COVID-19 deaths are rising once again. What's driving the increase?

"Young people are generally fine," one expert said. "But if they give it to grandma, that's a problem."
Dr. Joseph Varon
A medical team tries to save the life of a patient at United Memorial Medical Center in Houston on July 6, 2020.David J. Phillip / AP

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By Erika Edwards

The daily COVID-19 death toll in the United States topped 1,000 Tuesday, a grim threshold that's been met four times already within the past month, suggesting that the decline in deaths seen in May and June is reversing.

"That's basically two to three airplanes' worth of people crashing" in a single day, said Dr. Josh Denson, a pulmonary medicine and critical care physician at the Tulane Medical Center in New Orleans. "It's insane."

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The increase in deaths follows a pattern seen earlier in the pandemic: First, case counts rose. Then, hospitalizations went up. Deaths followed.

That's what's taking place in Houston, where COVID-19 cases have been rising steadily since mid-June.

"In April and May, we had between 200 and 300 cases diagnosed in the greater Houston area on any given day. Now we're around 2,400," said Dr. James McDeavitt, senior vice president and dean of clinical affairs at the Baylor College of Medicine in Houston.

In June, many of those new cases were among younger adults in their 20s, 30s and 40s — a population that is generally less vulnerable to severe complications from the illness, and death. That increase appears to have transformed into an increase in hospitalizations and deaths, but within an older population.

"What we saw after about two weeks was the older population starting to catch up again," McDeavitt said, though he pointed out that there is no scientific data yet to link younger partiers with older patients.

"Presumably, younger people were going out and getting infected, and then bringing that back to parents and grandparents," he said.

"Young people are generally fine," said Dr. Michael Wasserman, a geriatrician and president of the California Association of Long Term Care Medicine. "They're not always, but if they give it to grandma, that's a problem."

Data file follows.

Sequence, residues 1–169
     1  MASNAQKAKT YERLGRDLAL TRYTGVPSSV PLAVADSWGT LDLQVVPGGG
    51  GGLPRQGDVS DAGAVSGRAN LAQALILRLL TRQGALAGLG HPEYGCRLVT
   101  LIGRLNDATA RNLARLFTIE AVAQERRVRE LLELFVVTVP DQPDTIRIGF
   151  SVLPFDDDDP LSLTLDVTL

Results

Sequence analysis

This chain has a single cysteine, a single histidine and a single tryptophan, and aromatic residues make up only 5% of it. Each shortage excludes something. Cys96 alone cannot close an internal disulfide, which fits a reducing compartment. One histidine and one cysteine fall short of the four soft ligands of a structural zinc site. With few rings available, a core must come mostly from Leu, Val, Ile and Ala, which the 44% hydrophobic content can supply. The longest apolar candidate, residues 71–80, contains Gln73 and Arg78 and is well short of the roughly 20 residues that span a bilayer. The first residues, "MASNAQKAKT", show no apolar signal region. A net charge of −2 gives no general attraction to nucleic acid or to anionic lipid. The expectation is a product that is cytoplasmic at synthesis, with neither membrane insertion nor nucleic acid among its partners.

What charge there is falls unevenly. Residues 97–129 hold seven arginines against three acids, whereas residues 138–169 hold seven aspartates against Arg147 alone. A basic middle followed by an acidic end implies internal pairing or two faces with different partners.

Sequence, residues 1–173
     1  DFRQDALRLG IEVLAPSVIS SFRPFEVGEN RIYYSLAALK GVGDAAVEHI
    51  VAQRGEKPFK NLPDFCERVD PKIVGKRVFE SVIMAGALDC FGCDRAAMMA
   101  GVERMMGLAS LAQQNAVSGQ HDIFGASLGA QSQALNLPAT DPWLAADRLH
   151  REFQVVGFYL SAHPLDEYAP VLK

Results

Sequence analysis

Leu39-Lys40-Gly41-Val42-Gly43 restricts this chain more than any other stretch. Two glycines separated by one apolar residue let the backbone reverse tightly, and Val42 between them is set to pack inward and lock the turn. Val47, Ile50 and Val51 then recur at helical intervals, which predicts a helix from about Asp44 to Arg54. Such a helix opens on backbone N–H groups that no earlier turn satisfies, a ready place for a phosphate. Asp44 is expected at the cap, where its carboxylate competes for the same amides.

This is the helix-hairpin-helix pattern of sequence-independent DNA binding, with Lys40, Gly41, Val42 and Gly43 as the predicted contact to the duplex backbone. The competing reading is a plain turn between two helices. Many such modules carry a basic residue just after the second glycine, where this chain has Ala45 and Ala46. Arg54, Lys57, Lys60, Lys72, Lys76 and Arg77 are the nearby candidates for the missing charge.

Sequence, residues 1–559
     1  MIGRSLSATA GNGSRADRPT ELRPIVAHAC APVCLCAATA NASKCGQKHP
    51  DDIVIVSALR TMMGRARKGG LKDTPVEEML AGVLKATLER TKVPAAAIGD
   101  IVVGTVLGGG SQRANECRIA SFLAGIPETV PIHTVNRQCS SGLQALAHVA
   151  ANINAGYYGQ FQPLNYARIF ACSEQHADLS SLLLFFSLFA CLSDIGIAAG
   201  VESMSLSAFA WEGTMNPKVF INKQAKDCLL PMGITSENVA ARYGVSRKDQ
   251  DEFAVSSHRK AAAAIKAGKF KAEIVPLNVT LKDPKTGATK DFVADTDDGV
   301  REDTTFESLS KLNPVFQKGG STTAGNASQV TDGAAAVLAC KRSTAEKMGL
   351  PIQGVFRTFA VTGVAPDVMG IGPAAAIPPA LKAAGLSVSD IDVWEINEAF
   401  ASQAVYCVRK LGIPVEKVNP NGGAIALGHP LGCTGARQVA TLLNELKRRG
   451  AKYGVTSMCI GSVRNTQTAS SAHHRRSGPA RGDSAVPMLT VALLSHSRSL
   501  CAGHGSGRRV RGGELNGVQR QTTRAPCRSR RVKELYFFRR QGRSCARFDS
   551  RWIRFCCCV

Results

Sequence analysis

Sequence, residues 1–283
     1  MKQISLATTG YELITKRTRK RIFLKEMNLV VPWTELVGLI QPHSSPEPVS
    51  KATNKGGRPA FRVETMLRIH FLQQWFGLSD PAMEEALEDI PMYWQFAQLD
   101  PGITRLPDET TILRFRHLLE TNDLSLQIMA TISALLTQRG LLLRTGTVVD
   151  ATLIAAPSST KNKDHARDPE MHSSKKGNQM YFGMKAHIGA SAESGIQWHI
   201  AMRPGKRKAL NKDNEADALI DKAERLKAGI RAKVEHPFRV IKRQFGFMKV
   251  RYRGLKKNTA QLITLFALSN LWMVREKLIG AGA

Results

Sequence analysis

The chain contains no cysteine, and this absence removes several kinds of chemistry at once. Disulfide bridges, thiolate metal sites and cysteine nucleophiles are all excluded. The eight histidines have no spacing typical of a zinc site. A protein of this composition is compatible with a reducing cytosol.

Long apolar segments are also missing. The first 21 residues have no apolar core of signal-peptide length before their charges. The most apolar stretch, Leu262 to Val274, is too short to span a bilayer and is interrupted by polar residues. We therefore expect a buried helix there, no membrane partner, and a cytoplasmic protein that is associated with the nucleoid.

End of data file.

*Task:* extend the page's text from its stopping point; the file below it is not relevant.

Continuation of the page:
Indeed, McDeavitt said, more severe outcomes still tend to be among older people and people with underlying conditions such as obesity, type 2 diabetes and high blood pressure.

The elderly at risk

The recent spike in cases has those who care for older adults concerned.

"It's frightened the daylights out of me," Wasserman said. "I don't want to see more older adults die again."

It's been well documented that the risk for COVID-19 complications and death increases with age, and it's no surprise that frail people with compromised immune systems are vulnerable.

"The greatest risk for severe illness from COVID-19 is among those aged 85 or older," the Centers for Disease Control and Prevention's website says.

But other factors beyond age and health condition also increase the risk among the elderly.

People in nursing homes or assisted living facilities, for example, can't self-isolate. They "need people to move them or do their bathing," Wasserman said. "The more time staff has to spend with residents, it's going to increase the risk for exposure to the virus."

What's more, older adults are more likely to have dementia, which might mean they're unlikely to isolate in their rooms, wear a mask or wash their hands regularly — three cornerstones of infectious disease control.

A "survivable illness"

While there have been advances in COVID-19 therapies, such as the antiviral remdesivir and the steroid dexamethasone, critical care physicians point out there is still no cure for the disease.

Among therapeutics, Denson said, "there's definitely no game-changer" yet.

He recalled a day last week when things were going badly in the COVID-19 intensive care unit. A young patient in his 30s died; a language barrier made conversations with the patient's family difficult; another patient had unforeseen complications.

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"It was very tough," Denson said. But that very afternoon, he got a call out of the blue from a former patient who nearly died of the virus several times during her hospital stay.

"She was as critically ill as any patient I've had," Denson said. "But she survived, called me from her house, doing great, and just wanted to say 'hello' and 'thank you.'"

It was an uplifting reminder that despite the worrisome rise in cases and in deaths, many people do, in fact, recover from COVID-19.

"It's a very survivable illness," Denson said.

Still, until a vaccine or more effective treatment is available, the key moving forward, he and other experts said, is prevention: Remain vigilant about face coverings and physical distancing.

Those are "our only weapons right now, the only things controlling the virus," McDeavitt said. "If we get past this surge, and we revert to old behaviors and take those weapons off the table, we're going to have another surge."

"Let's learn this lesson."

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